N2 - Objective: To determine the association of circulating P-selectin with prevalent and incident peripheral artery disease (PAD), the ankle brachial index (ABI), and change in the ABI. Methods: The Multi-Ethnic Study of Atherosclerosis (MESA) is a prospective population-based cohort study including 6814 European descent, African American, Hispanic and Chinese men and women aged 45-84 at baseline. Four clinical exams took place after the baseline exam. After excluding those with ABI>1.4, prevalent and incident PAD were defined as an ABI≤0.90. ABI progression was defined as progression from a normal ABI (0.91-1.4) to abnormal (≤0.90 or >1.4) at a later exam. Results: In adjusted models, each SD (13ng/mL) higher P-selectin was significantly associated with 0.007 lower ABI (95% CI ((-0.011,-0.004)), p<0.001), and an average change in the ABI of-0.006 ((-0.010,-0.003, p<0.001). P-selectin was significantly associated with a 1.17-fold greater odds of prevalent PAD ((1.02, 1.33), p=0.03), and a 30% greater risk of incident PAD ((1.11, 1.53), p=0.001), as well as progression from a normal ABI to an ABI≤ 0.90 (p=0.003), but not to an ABI>1.4 (p=0.96). Addition of P-selectin to models containing traditional PAD risk factors and markers of inflammation/coagulation significantly improved the net reclassification for ABI progression (p=0.03), but was only marginally significant for incident PAD (p=0.06). Conclusions: P-selectin is significantly associated with the development of PAD. However, further research is needed in population-based studies to confirm prospective associations of P-selectin with incident PAD and change in the ABI, as well as its potential predictive ability.

AB - Objective: To determine the association of circulating P-selectin with prevalent and incident peripheral artery disease (PAD), the ankle brachial index (ABI), and change in the ABI. Methods: The Multi-Ethnic Study of Atherosclerosis (MESA) is a prospective population-based cohort study including 6814 European descent, African American, Hispanic and Chinese men and women aged 45-84 at baseline. Four clinical exams took place after the baseline exam. After excluding those with ABI>1.4, prevalent and incident PAD were defined as an ABI≤0.90. ABI progression was defined as progression from a normal ABI (0.91-1.4) to abnormal (≤0.90 or >1.4) at a later exam. Results: In adjusted models, each SD (13ng/mL) higher P-selectin was significantly associated with 0.007 lower ABI (95% CI ((-0.011,-0.004)), p<0.001), and an average change in the ABI of-0.006 ((-0.010,-0.003, p<0.001). P-selectin was significantly associated with a 1.17-fold greater odds of prevalent PAD ((1.02, 1.33), p=0.03), and a 30% greater risk of incident PAD ((1.11, 1.53), p=0.001), as well as progression from a normal ABI to an ABI≤ 0.90 (p=0.003), but not to an ABI>1.4 (p=0.96). Addition of P-selectin to models containing traditional PAD risk factors and markers of inflammation/coagulation significantly improved the net reclassification for ABI progression (p=0.03), but was only marginally significant for incident PAD (p=0.06). Conclusions: P-selectin is significantly associated with the development of PAD. However, further research is needed in population-based studies to confirm prospective associations of P-selectin with incident PAD and change in the ABI, as well as its potential predictive ability.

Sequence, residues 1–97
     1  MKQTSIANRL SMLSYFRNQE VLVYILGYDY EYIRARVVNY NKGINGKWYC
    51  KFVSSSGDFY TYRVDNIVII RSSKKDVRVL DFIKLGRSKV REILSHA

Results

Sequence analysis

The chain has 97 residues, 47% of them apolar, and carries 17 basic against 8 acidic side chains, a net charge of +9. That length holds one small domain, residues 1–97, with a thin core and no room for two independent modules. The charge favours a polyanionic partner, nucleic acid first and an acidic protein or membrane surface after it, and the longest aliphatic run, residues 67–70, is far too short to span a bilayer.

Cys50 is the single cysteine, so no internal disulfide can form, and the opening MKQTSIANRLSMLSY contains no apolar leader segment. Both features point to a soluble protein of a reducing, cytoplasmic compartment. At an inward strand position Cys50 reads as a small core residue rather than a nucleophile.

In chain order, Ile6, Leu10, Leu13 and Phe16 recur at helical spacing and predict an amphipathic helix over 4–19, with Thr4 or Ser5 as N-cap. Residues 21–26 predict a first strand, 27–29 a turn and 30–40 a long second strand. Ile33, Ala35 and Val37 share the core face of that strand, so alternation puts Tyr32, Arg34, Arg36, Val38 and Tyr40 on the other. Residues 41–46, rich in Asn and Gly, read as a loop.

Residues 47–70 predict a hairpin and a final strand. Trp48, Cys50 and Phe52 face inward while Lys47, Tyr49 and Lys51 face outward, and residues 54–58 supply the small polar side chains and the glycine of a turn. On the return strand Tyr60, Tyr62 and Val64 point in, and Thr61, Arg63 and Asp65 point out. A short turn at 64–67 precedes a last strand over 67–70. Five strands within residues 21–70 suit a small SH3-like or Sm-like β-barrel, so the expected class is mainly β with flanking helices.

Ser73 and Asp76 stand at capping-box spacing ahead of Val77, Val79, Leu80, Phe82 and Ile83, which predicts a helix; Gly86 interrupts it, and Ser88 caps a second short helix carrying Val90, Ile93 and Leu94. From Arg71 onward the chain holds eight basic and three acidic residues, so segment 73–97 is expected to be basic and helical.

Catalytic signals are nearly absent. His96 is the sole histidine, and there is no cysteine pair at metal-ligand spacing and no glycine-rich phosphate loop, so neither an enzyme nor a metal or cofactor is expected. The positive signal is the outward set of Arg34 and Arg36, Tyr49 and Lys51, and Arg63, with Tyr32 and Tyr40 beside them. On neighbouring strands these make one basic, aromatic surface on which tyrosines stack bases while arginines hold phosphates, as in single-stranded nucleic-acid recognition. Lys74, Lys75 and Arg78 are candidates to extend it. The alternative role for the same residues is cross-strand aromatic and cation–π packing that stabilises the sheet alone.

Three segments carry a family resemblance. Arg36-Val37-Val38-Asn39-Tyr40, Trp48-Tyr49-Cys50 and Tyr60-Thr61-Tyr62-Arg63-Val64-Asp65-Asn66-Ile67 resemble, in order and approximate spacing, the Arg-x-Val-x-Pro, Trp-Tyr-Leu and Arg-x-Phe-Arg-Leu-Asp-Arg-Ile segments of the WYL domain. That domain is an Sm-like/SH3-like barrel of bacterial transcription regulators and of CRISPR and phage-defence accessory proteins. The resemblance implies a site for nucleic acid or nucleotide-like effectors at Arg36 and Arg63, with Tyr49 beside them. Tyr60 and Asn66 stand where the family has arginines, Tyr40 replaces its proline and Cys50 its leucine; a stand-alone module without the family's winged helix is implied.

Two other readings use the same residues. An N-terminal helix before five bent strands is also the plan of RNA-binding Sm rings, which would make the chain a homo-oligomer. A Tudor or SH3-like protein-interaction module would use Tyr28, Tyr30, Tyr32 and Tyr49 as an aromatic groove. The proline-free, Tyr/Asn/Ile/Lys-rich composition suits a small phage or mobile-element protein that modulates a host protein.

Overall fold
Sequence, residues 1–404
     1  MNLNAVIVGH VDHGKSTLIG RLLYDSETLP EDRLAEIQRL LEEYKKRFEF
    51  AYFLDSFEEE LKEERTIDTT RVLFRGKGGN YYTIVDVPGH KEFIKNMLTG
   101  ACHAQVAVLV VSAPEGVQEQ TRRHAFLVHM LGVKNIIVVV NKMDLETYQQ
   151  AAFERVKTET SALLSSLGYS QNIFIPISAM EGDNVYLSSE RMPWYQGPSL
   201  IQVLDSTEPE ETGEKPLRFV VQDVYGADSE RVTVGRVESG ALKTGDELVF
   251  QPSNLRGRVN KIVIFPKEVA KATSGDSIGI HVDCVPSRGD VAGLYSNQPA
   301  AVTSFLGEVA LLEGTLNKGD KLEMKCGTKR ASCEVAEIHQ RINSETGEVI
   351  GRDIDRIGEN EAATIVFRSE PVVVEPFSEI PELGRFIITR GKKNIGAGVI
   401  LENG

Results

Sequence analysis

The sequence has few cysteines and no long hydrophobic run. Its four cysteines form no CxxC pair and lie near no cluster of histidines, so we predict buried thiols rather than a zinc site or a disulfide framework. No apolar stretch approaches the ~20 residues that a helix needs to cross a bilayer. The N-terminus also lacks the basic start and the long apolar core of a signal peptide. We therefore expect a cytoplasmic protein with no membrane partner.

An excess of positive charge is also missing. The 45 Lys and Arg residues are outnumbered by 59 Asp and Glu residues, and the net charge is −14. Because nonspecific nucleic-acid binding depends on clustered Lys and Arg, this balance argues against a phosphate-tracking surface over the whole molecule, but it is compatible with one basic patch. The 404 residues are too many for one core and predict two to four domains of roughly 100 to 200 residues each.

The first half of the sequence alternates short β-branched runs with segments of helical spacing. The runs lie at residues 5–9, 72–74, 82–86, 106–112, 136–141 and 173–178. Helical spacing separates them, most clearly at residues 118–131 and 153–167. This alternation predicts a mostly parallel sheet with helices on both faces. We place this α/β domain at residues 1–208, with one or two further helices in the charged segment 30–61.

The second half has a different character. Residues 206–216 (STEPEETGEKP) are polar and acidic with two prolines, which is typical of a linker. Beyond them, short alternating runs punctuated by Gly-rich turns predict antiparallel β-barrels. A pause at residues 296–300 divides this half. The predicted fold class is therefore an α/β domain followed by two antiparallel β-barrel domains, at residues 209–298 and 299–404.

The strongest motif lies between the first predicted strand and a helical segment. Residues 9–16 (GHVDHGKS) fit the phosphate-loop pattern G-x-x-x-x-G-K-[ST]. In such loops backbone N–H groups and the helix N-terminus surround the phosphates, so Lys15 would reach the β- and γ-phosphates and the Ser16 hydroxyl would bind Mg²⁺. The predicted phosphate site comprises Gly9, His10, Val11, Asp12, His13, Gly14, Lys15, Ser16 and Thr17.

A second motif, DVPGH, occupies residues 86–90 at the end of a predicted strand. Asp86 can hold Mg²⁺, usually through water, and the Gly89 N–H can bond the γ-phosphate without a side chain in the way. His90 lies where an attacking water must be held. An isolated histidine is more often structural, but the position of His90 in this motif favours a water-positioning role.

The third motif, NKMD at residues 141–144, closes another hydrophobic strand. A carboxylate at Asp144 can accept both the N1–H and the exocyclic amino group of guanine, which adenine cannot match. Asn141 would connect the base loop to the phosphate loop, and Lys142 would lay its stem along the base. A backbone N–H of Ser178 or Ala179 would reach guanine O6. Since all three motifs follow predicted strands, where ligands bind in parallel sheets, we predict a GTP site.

KW - Ankle brachial index

KW - Incidence

KW - Net reclassification improvement

KW - P-selectin

KW - Peripheral artery disease

KW - Prediction

UR - http://www.scopus.com/inward/record.url?scp=84922815655&partnerID=8YFLogxK

UR - http://www.scopus.com/inward/citedby.url?scp=84922815655&partnerID=8YFLogxK

U2 - 10.1016/j.atherosclerosis.2015.01.022

DO - 10.1016/j.atherosclerosis.2015.01.022

M3 - Article

C2 - 25682040

AN - SCOPUS:84922815655

VL - 239

SP - 405

EP - 411

JO - Atherosclerosis

JF - Atherosclerosis

SN - 0021-9150

IS - 2

ER -